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of geological study, and the constitution of the sky, the aim of astronomical research. These two parts of human knowledge reflect complementary lights upon one another.—Translated for the Popular Science Monthly from the Revue des Deux Mondes.


By Professor AMBROSE L. RANNEY, M. D.

THERE is a natural tendency on the part of most parents to aim at precocity in their first child. They love to boast of its progress, and to draw favorable comparisons between it and the children of friends. Sometimes, as we all know, they overdo the matter, and produce a mental deformity, or a mental dwarf, or an idiot, or a grave in which their hopes as well as their error are buried.

No question is more difficult for a parent to decide than this: "When and how shall I begin to train the mind of my child?"

Unfortunately, the advice of teachers or physicians upon this topic is not always the same. Some answer such a question hastily; some from preconceived opinions that are not always free from bias. Others, again, fail to investigate, before answering, the hereditary tendencies of the child, whose future they are called upon to be instrumental in molding. Finally, most teachers and some of the medical fraternity are more or less ignorant themselves of the later discoveries made in cerebral physiology, and are therefore not always well fitted to be advisers respecting the best means to develop the organ of the mind properly.

The human brain is more wonderful and delicate in its construction than any invention of man. Few of those who have children seem to appreciate the care that should properly be exercised in promoting its natural growth and the best development of that organ—especially during the early years of life.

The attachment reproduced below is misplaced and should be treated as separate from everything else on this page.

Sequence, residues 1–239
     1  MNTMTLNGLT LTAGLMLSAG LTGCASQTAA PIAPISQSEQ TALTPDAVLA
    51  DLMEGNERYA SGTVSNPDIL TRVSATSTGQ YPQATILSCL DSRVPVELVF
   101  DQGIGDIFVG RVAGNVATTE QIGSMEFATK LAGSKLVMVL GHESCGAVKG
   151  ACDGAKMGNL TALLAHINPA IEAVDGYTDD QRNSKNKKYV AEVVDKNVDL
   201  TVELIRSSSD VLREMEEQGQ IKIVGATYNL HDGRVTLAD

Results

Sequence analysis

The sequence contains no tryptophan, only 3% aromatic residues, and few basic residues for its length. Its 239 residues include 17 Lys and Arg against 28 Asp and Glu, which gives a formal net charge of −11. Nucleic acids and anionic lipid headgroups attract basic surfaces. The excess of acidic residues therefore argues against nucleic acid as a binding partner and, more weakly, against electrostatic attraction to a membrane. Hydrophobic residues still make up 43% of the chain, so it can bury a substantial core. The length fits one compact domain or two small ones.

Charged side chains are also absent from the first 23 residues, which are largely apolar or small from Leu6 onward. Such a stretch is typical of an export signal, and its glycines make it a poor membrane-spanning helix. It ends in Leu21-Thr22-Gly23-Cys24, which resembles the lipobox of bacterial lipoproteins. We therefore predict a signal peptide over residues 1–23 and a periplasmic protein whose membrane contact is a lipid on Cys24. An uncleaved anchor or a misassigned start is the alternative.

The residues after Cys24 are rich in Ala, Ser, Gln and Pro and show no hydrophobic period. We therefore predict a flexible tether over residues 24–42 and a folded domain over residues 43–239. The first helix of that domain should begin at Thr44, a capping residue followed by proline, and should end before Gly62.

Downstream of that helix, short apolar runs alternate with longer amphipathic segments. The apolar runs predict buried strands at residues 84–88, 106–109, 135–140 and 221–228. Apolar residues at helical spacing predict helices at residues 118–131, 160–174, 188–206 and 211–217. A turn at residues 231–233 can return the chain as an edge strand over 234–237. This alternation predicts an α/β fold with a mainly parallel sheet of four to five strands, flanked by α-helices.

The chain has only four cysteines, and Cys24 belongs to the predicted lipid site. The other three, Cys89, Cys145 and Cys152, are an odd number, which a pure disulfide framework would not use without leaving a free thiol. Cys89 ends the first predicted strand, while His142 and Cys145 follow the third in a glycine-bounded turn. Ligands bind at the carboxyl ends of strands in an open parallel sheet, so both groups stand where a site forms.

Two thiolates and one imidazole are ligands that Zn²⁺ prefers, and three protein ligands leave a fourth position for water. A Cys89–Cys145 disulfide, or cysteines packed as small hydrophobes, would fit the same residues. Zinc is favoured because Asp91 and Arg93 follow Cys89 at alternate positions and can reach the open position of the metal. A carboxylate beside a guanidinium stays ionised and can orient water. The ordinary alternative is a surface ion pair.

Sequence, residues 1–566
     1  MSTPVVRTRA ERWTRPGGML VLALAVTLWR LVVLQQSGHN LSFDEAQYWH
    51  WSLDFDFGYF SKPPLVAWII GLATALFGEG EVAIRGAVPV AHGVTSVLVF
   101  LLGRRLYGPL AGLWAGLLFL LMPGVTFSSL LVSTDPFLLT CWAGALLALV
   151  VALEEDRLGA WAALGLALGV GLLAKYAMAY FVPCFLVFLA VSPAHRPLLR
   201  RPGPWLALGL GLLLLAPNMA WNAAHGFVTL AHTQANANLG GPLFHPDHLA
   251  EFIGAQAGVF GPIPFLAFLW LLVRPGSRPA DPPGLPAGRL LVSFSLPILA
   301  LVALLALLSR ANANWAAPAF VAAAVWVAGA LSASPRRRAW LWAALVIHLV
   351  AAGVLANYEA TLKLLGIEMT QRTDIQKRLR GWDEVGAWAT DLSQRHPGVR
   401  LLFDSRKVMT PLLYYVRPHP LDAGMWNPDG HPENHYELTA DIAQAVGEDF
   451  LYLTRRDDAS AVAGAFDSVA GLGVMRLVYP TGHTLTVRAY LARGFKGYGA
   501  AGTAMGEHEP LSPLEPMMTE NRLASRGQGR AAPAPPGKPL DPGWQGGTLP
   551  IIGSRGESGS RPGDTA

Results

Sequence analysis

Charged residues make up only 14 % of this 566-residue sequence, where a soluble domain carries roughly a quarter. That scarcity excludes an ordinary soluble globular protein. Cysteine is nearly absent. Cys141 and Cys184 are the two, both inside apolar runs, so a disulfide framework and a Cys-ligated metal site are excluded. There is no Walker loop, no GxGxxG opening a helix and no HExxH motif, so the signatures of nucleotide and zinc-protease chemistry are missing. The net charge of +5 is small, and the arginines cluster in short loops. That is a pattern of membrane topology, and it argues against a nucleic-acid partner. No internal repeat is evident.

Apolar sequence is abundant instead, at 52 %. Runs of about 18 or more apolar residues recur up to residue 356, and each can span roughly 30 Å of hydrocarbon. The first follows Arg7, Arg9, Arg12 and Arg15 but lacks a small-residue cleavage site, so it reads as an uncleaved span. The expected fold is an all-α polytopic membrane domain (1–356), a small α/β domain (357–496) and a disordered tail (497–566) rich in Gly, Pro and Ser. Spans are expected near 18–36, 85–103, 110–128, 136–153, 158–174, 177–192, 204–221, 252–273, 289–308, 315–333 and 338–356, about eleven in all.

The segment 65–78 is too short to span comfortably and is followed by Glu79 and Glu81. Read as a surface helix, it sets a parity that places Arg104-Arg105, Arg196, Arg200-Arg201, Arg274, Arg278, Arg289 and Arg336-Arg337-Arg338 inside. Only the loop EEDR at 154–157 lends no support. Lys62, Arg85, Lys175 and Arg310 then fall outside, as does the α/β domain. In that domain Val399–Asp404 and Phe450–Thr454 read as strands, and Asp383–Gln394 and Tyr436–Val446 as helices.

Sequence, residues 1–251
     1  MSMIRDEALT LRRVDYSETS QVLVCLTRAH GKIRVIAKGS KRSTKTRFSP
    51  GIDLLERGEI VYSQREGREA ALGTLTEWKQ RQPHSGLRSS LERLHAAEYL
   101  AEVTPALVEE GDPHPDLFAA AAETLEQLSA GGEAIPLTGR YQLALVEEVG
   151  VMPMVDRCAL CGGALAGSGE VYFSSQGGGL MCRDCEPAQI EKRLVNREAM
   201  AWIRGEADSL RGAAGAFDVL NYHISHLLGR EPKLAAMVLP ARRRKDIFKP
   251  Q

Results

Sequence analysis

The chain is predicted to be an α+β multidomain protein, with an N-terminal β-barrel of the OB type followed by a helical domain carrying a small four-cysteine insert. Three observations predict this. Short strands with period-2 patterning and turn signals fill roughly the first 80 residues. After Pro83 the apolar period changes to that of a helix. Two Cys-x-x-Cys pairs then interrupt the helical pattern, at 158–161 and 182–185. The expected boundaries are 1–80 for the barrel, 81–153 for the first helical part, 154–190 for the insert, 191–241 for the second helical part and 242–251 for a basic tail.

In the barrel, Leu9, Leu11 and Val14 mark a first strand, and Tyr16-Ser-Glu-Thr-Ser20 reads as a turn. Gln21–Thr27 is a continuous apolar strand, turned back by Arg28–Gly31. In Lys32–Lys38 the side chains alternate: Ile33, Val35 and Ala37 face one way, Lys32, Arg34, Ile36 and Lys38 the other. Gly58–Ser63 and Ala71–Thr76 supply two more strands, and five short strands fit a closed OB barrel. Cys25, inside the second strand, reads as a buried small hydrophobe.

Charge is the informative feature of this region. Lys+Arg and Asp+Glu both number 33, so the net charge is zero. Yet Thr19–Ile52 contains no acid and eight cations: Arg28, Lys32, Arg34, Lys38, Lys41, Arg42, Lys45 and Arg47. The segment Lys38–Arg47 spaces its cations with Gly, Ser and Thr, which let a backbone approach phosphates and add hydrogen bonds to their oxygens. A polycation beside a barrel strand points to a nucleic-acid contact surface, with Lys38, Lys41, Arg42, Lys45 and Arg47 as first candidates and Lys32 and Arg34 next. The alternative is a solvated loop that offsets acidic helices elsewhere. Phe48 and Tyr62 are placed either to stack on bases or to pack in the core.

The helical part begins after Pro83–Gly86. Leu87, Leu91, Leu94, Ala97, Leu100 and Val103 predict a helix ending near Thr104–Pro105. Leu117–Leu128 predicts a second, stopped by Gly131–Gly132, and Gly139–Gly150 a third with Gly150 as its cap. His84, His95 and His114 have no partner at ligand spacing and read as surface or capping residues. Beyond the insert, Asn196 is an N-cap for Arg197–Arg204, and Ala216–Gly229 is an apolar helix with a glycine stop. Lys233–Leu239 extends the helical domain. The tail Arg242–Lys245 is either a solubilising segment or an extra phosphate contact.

Parents who watch with anxiety against the possibility of bodily deformities in their children are often unaware of the harm that may be done to young brains by ignorance or neglect on the part of those who have them in charge. They know nothing themselves of the organ of the mind, but they think themselves justified in believing that a system of training which has produced good results in some children is applicable to each and every one.

Now, it should be remembered that minds, like faces, are not cast by Nature in the same mold. The quality of workmanship and the material is finer, so to speak, in some brains than in others. Some children are congenitally predisposed to nervous excitability or debility. Certain of the component parts of the brain become perfected during their development before others. Some of these parts are capable of